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Frankie says “relax” and truth be told, “relaxing” is just what the doctor ordered in these difficult times, but ultimately so hard to do. Frankie Goes To Hollywood, a.k.a Holly Johnsson, Paul Rutherfort, Peter Gill, Mark O’ Toole and Brian Nash, were so “relaxed”, that they allowed producer Trevor Horn to make everything work. They were also so “relaxed”, that they effortlessly survived a BBC ban and managed to stand out in the 80’s pop playground. To be honest, they could not help themselves but do exactly that. That’s how they claimed their place in history, with “Relax” hitting the number one spot in the charts and hanging out there.

It was fate that brought them together. Forming the band after experimenting with various other projects in the Liverpool scene, their then raw version of “Relax”, caught the ear of producer Trevor Horn, who signed them to ZTT Records. He then focused on providing “Relax” with its signature sound, while ZTT records co-founder Paul Morley took on the task of projecting the group into the music world. The campaign was heavily colored by sexual innuendo. Tags such as “Frankie Goes To Hollywood are coming…making Duran Duran lick the shit of their shoes” played their part in sparking controversy.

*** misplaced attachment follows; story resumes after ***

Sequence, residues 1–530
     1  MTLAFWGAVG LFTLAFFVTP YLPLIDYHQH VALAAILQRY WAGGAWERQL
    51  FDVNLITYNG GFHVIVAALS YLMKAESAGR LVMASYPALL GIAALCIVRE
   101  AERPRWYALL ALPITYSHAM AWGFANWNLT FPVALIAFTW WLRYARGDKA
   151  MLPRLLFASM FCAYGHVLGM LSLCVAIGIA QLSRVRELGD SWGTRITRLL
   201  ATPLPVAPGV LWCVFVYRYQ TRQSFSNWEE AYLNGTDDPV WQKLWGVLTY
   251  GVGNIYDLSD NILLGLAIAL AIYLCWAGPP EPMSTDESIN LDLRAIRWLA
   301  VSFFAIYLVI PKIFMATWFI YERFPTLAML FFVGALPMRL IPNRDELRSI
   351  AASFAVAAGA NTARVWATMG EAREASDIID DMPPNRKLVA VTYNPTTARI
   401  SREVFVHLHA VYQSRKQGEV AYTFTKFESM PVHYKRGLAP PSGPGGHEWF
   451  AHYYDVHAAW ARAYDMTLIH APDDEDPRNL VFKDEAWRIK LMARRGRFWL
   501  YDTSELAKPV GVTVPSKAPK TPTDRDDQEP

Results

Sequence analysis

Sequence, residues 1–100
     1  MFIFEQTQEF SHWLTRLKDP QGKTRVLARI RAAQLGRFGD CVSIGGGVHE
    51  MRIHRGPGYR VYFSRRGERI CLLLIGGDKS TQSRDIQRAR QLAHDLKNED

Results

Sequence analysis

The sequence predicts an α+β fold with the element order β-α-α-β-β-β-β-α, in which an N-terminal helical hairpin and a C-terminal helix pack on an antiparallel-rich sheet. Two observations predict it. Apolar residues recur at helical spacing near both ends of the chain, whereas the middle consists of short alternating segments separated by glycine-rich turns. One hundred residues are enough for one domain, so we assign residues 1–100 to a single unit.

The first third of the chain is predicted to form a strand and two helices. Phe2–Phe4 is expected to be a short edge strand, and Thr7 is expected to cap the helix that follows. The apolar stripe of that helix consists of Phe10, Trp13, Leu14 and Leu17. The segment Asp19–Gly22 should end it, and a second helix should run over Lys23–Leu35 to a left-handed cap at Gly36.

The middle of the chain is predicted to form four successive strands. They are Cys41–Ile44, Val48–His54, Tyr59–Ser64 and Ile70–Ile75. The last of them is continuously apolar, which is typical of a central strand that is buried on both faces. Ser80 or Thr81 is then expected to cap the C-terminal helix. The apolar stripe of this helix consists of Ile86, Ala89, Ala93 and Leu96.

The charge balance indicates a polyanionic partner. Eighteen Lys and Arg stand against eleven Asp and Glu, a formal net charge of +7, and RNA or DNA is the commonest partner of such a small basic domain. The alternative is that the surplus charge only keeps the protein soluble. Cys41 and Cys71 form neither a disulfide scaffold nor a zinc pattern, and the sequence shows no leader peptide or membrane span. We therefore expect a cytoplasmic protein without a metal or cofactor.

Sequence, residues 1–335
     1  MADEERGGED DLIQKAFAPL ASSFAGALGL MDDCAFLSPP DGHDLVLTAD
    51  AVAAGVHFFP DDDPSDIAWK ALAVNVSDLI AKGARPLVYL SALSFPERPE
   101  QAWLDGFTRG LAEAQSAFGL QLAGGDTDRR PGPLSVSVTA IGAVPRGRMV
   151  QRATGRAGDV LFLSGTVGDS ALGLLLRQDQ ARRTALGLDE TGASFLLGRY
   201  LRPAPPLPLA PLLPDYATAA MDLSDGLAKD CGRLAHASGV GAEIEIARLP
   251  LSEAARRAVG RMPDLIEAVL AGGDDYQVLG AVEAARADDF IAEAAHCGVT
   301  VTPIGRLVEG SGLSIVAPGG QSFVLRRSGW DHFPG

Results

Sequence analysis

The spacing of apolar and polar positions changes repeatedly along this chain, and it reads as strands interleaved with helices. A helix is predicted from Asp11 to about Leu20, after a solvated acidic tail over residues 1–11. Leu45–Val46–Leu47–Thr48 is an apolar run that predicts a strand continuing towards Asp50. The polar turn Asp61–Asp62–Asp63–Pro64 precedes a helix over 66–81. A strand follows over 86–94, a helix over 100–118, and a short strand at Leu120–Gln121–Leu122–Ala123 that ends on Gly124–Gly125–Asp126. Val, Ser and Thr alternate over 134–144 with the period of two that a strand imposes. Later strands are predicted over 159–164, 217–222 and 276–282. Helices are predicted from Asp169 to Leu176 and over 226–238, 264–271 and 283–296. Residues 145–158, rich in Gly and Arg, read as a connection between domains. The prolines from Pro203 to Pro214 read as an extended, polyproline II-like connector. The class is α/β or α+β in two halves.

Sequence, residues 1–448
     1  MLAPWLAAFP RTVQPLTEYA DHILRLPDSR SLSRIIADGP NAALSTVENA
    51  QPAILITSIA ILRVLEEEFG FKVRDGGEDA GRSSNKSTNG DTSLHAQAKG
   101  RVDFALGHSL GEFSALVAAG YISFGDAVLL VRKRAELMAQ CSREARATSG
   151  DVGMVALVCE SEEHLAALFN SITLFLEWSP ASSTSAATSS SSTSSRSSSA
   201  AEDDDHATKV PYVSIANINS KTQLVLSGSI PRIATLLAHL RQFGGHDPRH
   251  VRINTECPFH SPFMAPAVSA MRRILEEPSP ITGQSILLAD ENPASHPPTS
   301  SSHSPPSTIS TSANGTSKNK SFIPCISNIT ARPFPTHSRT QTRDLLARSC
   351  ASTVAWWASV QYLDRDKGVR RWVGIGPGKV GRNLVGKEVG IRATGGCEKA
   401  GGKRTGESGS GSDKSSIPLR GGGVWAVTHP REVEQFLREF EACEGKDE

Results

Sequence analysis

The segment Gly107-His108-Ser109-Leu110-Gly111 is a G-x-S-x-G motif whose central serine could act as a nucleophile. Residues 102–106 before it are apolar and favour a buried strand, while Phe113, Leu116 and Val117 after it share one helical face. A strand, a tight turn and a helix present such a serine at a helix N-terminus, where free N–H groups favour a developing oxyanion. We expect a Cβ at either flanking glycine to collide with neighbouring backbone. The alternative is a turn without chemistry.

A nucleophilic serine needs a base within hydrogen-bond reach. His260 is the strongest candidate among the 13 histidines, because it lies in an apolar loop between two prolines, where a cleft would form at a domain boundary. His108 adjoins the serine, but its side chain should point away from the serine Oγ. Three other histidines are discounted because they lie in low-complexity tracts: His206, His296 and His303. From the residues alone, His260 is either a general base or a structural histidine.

Meanwhile, their lyrics were being scrutinized over their sexual connotations, with the BBC stopping it from airing, as it was considered inappropriate for a British audience that was busy keeping it at the top of the charts.

All this happened rather in a rather “relaxed” way, something that didn’t stop them from claiming subsequent number ones in the charts. The band was hugely successful from 1980 to 1987 and from 2004 to 2007, till the time came when there was just no reason for them to be together anymore, their “dream of Hollywood” crushed by their own vanity.

Frankie Goes To Hollywood claimed their place in musical history and ultimately “didn’t do it”. I for one hope that I’ll get to Hollywood one day, and will keep dancing to “Relax” as relaxed and as joyful as I was when I first heard it when I was four.

 Text: Natasa Papachristou